Foreign Policy Blogs

That False ICC Narrative

This time it comes from John Bolton, who writes:

One of Obama’s clearest aims in advancing “global governance” is drawing the United States ever more deeply into the International Criminal Court (ICC).  Secretary Clinton lamented last year, as a “great regret,” that “we are not yet a signatory” to the treaty creating the ICC.  In Rice’s first Security Council speech, she said the ICC “looks to be an important and credible instrument for trying to hold accountable the senior leadership responsible for atrocities committed in the Congo, Uganda, and Darfur.”  More recently, the Obama administration participated in negotiations among ICC members to define the crime of “aggression,” and lost on almost every key point. Despite Obama’s affection for the ICC, fierce congressional opposition still limits his ambition.

I’ve written about why such statements are deceitful before, but it never hurts to go over again.  Obama never expressed much enthusiasm for the ICC.  His stance as a presidential candidate was one of wariness:

Now that it is operational, we are learning more and more about how the ICC functions. The Court has pursued charges only in cases of the most serious and systemic crimes and it is in America’s interests that these most heinous of criminals, like the perpetrators of the genocide in Darfur, are held accountable. These actions are a credit to the cause of justice and deserve full American support and cooperation. Yet the Court is still young, many questions remain unanswered about the ultimate scope of its activities, and it is premature to commit the U.S. to any course of action at this time.

The United States has more troops deployed overseas than any other nation and those forces are bearing a disproportionate share of the burden in the protecting Americans and preserving international security. Maximum protection for our servicemen and women should come with that increased exposure. Therefore, I will consult thoroughly with our military commanders and also examine the track record of the Court before reaching a decision on whether the U.S. should become a State Party to the ICC.

Hilary Clinton, as a candidate, was slightly more enthusiastic but still noncommital:

There is broad support in this country across political and ideological divides that perpetrators of genocide, mass atrocities, and war crimes must be held accountable.

When President Clinton signed the Rome Treaty, he noted our serious concerns about the treaty. But he signed, nonetheless, to underline this basic principle, and to signal that the United States would seek to address the concerns we had about the treaty, as well as to ensure that the institution operated as effectively as possible. The Bush administration’s “unsigning” of the ICC not only damaged our international standing, it also separated us from our allies, with whom we have a shared interest in promoting accountability for war crimes and atrocities.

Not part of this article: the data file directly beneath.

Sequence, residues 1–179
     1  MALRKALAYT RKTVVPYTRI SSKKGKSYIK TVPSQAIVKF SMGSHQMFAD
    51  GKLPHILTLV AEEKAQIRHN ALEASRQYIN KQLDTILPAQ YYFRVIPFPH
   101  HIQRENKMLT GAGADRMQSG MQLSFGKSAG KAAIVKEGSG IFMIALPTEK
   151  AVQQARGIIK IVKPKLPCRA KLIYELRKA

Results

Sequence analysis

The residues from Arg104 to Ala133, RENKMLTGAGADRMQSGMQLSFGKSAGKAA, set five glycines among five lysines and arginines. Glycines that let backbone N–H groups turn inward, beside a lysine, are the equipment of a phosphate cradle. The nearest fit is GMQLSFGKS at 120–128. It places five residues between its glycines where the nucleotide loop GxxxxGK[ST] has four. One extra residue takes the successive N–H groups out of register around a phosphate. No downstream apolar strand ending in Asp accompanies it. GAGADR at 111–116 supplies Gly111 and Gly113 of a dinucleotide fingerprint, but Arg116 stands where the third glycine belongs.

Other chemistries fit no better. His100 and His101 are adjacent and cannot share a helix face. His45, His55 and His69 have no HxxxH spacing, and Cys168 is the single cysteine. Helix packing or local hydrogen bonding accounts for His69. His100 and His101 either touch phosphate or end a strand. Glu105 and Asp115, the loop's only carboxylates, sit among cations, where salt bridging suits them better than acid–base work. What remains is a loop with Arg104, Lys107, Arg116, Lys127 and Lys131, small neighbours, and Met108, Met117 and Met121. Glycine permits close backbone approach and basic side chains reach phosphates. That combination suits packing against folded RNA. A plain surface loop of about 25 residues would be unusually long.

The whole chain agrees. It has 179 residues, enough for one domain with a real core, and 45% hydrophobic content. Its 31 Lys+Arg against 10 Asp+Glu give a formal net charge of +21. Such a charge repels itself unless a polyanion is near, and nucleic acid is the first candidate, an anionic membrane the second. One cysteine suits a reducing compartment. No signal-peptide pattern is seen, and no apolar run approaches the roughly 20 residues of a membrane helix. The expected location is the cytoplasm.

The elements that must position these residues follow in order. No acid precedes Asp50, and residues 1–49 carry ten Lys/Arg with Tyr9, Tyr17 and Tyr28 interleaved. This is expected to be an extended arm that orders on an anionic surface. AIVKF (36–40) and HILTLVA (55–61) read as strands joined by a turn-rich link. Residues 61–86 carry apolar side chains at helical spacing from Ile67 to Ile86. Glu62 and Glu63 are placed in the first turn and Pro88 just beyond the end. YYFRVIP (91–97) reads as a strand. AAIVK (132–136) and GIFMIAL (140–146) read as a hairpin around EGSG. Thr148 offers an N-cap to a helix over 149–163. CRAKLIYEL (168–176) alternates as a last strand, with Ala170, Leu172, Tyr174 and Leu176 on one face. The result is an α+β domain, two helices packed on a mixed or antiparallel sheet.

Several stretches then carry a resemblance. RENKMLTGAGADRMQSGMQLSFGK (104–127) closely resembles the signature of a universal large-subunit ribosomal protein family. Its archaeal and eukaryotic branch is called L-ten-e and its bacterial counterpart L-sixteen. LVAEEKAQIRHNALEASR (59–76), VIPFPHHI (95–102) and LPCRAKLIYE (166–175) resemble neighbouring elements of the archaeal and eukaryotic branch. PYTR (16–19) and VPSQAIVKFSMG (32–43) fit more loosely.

Fortunately, some of the worst fears about the ICC have not been borne out. The institution was created to prompt the development of justice institutions in countries that lacked them, and to assure accountability for the worst human rights crimes in countries where those institutions do not exist. It has over the past eight years operated on that basis. The ICC has also avoided politicized prosecutions.

The Bush administration has begun to cooperate with the ICC in allowing referral of indicted war criminals in Darfur to the Court, and signaling a willingness to share information with the Court pertaining to those prosecutions.

Consistent with my overall policy of reintroducing the United States to the world, I will as President evaluate the record of Court, and reassess how we can best engage with this institution and hold the worst abusers of human rights to account.

Basically they had the same position.  They would review the Rome Statute.  In January of this year, the Obama administration announced that it would not join the ICC due to the very concerns Obama expressed as a candidate.  As Jurist reported in January 2010:

[U.S. Ambassador-at-Large for War Crimes Issues, Stephen Rapp] said that while the US has an important role in international criminal justice, it is unlikely to join the ICC anytime soon. Rapp cited fears that US officials would be unfairly prosecuted and the US’s strong national court system as reasons it would be difficult to overcome opposition to ratification.

Pursuing global governance?  Drawing the U.S. ever more deeply into the ICC?  More like continuing the policies Bush pursued in his second term.